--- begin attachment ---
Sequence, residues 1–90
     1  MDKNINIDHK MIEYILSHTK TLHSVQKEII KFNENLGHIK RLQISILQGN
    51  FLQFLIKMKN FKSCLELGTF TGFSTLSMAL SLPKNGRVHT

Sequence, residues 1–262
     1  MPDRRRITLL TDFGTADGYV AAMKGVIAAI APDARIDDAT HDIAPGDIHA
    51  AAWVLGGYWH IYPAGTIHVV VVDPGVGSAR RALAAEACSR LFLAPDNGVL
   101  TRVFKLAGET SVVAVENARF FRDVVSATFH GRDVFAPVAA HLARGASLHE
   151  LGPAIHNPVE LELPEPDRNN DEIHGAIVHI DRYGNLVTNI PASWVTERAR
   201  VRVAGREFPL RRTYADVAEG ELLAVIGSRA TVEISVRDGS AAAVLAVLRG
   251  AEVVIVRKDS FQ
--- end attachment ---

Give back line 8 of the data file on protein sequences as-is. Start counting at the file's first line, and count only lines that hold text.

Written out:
   151  LGPAIHNPVE LELPEPDRNN DEIHGAIVHI DRYGNLVTNI PASWVTERAR